PLC Public Sector reports:
The challenge of achieving efficiency savings without impacting on public service delivery is one that public sector workers have been facing for some time. Budget 2009, with its call for an extra £15 billion of efficiency savings, means that the task of finding the right balance between these 2 competing needs will become even more difficult.
One of the headline initiatives for local government formally announced in the budget, was the creation of 2 pilot city-regions. Manchester and Leeds have been given the go-ahead to take more control over their budgets and, presumably, more responsibility for striking the right balance between service delivery and efficiency. Is this the start of the long called for decentralisation, or is this pilot, which will be “overseen at ministerial level”, just window dressing?
To add a third dimension to the melting pot, recently, the Government has increasingly sought to use the public sector’s £175 billion procurement spend to help achieve policy objectives. As BERR states in its recent paper New Industry, New Jobs, “this procurement can have a powerful role in shaping markets, with the potential to drive new technologies, skills and processes.” There is no doubt that £175 billion is a great deal of money. However, the Government is clearly expecting a lot of bang for its buck. As well as shaping markets, driving new technologies and so on, among other things, it also wants the spend to:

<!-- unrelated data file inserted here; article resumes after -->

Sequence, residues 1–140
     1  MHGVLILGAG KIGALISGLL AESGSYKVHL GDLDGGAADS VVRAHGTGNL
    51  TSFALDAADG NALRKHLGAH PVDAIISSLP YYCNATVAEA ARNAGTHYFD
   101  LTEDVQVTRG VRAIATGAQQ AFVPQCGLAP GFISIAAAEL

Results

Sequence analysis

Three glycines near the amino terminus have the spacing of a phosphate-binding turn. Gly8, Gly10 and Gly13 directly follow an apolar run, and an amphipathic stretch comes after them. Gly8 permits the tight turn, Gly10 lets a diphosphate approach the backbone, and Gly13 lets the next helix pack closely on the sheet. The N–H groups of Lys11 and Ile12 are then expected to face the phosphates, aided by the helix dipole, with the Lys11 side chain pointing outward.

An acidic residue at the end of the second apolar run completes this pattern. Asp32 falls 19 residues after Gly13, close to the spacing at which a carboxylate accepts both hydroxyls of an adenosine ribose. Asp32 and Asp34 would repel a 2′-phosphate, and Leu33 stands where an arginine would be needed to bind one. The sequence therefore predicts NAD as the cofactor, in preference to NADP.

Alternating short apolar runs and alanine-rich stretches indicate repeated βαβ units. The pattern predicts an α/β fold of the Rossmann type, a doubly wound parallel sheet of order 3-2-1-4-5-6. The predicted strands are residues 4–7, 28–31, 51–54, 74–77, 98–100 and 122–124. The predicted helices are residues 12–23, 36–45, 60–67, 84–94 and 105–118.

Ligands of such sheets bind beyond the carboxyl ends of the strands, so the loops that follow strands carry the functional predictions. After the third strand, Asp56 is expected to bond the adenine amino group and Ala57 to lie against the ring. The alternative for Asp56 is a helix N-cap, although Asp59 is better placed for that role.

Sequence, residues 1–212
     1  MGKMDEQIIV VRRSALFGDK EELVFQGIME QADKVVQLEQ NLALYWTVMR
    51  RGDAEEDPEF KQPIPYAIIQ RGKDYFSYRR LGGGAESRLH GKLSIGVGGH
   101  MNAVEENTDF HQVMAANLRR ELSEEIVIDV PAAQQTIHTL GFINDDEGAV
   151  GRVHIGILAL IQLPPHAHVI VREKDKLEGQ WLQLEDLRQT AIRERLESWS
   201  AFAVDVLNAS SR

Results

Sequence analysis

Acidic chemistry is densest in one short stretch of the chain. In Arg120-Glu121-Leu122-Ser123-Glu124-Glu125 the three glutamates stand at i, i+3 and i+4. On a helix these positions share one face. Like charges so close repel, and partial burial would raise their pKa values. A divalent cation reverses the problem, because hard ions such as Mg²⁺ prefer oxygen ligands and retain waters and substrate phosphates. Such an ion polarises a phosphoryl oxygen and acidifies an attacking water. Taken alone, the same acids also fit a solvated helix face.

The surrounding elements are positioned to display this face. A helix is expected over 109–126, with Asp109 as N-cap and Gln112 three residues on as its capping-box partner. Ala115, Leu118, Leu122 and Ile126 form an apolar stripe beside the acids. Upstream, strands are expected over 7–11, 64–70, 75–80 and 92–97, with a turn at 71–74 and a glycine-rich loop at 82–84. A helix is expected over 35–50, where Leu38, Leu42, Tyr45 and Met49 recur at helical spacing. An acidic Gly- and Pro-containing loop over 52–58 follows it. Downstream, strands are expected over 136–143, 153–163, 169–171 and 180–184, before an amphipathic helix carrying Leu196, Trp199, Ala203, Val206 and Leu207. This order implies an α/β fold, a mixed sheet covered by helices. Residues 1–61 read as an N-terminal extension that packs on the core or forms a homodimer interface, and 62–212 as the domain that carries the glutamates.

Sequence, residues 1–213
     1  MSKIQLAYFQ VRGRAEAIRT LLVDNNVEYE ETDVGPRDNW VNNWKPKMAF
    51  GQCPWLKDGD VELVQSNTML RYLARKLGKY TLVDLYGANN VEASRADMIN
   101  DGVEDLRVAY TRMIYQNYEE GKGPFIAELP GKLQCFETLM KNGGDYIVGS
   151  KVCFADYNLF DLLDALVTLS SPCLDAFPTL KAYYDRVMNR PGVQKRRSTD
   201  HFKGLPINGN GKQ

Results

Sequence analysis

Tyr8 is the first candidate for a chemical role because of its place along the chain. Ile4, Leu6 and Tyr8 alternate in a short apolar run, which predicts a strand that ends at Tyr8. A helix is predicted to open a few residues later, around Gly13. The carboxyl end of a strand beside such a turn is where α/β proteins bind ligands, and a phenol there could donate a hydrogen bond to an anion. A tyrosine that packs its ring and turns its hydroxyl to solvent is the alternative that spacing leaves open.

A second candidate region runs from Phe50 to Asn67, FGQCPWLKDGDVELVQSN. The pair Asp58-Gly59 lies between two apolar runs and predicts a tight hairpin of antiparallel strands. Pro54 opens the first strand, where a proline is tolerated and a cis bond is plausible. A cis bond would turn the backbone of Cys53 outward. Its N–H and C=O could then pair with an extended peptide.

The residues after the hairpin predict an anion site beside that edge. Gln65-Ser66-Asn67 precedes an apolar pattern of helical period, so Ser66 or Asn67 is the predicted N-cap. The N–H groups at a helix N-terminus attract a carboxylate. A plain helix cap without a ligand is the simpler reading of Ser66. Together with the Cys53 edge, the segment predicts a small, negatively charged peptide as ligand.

- Improve the skills of a nation.
- Address social, equality and green issues currently affecting the country.
- Push through the Government’s apprenticeship agenda.
These are all worthy aims and, of course, public money should be used to deliver as much as possible. However, to achieve all of this, while at the same time saving money and not impinging on service quality, will undoubtedly be a challenge! The budget and the New Industry New Jobs paper seem to acknowledge that the Government cannot deliver this type of change or the level of efficiency savings sought when controlled from the centre (whether through procurement spend or otherwise).
One of the solutions the Government has proposed to address this issue are the pilot city-regions. Challenged with supporting “greater economic development and business engagement” the city-regions will work with the Government “to develop proposals for new strategy-setting powers over adult skills funding … new joint investment boards with RDAs, the Home and Communities Agency and other partners to coordinate and align investment and pilot new employment programmes”. This all sounds very important, but at this stage, we do not know what it will actually mean.
Combined with the £1 billion promised for local authorities through the Future Jobs Fund, the Government’s acceptance of LGA proposals to “recycle” buildings and the funds allocated to the Total Place programme to co-ordinate the drive for efficiency, the signs are promising. It could be that local government is being given the opportunity to show how it can really make a difference in dealing with the recession. However, the jury is still out, with the fear being that the thrust of some of these new initiatives could be the centre simply reaching down to squeeze out more efficiency savings from local government, without actually relinquishing any control. If this is the case, the risk is that front line services may suffer.
For the time being, while the signs are promising, maybe the question in the title to this post should be changed to “Will city-regions be given the chance to provide a solution?”.